Even if you’re in a job where the environment has grown increasingly stressful, you can retain a large measure of self-control and self-confidence by understanding and practicing emotional intelligence. Emotional intelligence is the ability to manage and use your emotions in positive and constructive ways. When it comes to satisfaction and success at work, emotional intelligence matters just as much as intellectual ability. Emotional intelligence is about communicating with others in ways that draw people to you, overcome differences, repair wounded feelings, and defuse tension and stress.

Tip 5: Reduce job stress by breaking bad habits
Many of us make job stress worse with negative thoughts and behavior. If you can turn around these self-defeating habits, you’ll find employer-imposed stress easier to handle.

Tip 6: Learn how managers or employers can reduce job stress
It’s in a manager’s best interest to keep stress levels in the workplace to a minimum. Managers can act as positive role models, especially in times of high stress. If a respected manager can remain calm in stressful work situations, it is much easier for his or her employees to also remain calm

Final thought: ‘worrying’ is usually focused on the future on what might happen and what you will do about it. The centuries-old practice of mindfulness can help you break free of your worries by bringing your attention back to the present. In contrast to the previous techniques of challenging your anxious thoughts or postponing them to a worry period, this strategy is based on observing and then letting them go. Together, they can help you identify where your thinking is causing problems, while helping you get in touch with your emotions.

Using mindfulness meditation to stay focused on the present is a simple concept, but it takes practice to reap the benefits. At first, you’ll probably find that your mind keeps wandering back to your worries. Try not to get frustrated. Each time you draw your focus back to the present, you’re reinforcing a new mental habit that will help you break free of the negative worry cycle.

Marilu Henner once said:

“Being in control of your life and having realistic expectations about your day-to-day challenges are the keys to stress management, which is perhaps the most important ingredient to living a happy, healthy and rewarding life.”

Leadership and Engagement in today’s business


If there’s one thing that is scary to many companies, it’s change. Dealing with change requires leadership at all levels if that company is to survive the turbulent wave of uncertainty and misdirection that change brings. Leading in adversity amidst constant change requires focus, commitment, and a well-tuned internal and moral compass to know which way is ‘right’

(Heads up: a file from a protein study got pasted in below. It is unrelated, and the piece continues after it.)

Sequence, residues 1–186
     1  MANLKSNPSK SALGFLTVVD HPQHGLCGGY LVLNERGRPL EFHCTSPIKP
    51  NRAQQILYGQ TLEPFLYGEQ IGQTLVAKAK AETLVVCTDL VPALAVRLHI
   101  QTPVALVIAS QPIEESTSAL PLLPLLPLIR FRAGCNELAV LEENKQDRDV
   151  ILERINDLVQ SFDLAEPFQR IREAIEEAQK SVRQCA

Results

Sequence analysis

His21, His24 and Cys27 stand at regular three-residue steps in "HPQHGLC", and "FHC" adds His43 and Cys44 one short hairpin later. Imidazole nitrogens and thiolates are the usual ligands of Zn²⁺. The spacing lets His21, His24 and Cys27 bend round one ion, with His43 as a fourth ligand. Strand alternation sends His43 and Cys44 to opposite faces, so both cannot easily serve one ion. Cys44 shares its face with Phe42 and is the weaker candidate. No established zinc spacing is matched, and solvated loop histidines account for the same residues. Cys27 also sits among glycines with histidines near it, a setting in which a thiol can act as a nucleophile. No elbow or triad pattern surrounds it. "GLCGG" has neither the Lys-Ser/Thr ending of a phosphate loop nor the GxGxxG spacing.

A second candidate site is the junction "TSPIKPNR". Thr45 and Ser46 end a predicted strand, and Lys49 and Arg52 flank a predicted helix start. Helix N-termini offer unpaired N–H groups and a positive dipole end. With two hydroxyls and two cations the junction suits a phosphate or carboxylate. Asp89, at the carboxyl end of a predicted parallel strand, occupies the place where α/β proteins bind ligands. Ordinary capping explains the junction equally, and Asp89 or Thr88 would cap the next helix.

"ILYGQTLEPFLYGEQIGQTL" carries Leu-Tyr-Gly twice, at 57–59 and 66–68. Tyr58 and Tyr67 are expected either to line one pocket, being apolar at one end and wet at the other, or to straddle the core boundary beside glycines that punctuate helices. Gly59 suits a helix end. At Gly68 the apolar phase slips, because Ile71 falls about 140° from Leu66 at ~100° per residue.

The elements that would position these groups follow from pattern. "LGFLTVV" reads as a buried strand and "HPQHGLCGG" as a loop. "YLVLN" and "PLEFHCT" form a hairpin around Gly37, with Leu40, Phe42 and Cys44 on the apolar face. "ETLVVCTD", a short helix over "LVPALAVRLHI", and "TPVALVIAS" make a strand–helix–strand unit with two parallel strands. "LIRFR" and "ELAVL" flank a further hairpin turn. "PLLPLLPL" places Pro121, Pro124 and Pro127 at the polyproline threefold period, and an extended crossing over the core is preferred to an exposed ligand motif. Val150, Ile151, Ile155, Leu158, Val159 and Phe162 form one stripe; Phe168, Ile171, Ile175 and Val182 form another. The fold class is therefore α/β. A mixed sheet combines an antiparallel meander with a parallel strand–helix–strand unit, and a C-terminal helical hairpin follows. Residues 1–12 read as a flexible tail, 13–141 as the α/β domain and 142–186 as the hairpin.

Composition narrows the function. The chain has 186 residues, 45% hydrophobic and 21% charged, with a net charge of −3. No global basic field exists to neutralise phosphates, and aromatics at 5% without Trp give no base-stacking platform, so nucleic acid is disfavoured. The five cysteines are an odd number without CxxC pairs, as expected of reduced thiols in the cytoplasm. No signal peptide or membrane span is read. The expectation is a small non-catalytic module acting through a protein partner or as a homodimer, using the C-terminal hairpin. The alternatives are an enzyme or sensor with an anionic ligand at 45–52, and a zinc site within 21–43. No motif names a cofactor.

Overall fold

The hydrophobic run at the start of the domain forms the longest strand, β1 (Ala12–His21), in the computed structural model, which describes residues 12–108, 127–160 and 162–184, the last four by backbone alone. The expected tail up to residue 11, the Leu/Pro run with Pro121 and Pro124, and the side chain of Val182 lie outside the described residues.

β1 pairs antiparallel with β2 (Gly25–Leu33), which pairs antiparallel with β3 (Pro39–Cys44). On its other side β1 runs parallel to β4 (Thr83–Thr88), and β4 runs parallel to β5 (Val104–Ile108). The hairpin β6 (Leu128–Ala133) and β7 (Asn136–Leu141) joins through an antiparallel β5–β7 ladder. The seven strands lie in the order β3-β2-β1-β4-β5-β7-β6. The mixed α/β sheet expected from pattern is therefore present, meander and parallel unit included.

So what really motivates employees?

Let’s begin by defining engagement as the “positive emotional connection an employee has to their work and their workplace.” In short, caring about work leads to commitment and wanting to give more than is required or expected.
More than simply “satisfaction”, employee engagement is a positive emotional connection to the work they do and a “thinking connection” to the belief in the goals, purpose and mission of that work. Employees want to feel proud, feel enjoyment, feel support, but more than that, they want to believe that their work matters, that they contribute, and that it resonates their values.

One challenge leaders face is making sure their people’s voices are heard. If people feel as if opportunity eschews them then they will immediately take themselves off the playing field and the leader will lose support.
When focusing on engagement, it is important to understand who in the organisation is really ready and who may need some help moving forward. During times like these, a certain pattern of behavior sets into many organisations.
Generally, the leaders creating strategy are living in the future, concentrated on indicated trends six months out. They are looking at the next quarter’s timeframe. Workers primarily function in the present, concentrated on accomplishing the key tactics of the day to day. Many workers find it difficult to shift into the mindset of future strategy and need time to process.

As a leader, it is your job to educate the entire organisation, from top down, clearly identifying the path ahead. The challenge is to continue to move forward, with your employees feeling more than just clear and confident about the strategy and direction, but also excited and invigorated about the potential. As a leader in today’s business environment, you are in the energy business, the human energy business. You are called to build a sense of engagement, helping employees realise the growth potential for the organisation, the team, and themselves.

How can you be successful in leading an engaged organisation?

Below I have listed four key areas that can begin the process to increase your own leadership effectiveness and create a culture that works best for your organization.
1. Leading Oneself. It all starts with you. You need to lead yourself before you can lead others.
2. Leading Others: One to One. The skills you use to facilitate the individual growth of others often are regarded as foundational, such as communication skills, goal setting, and delegating.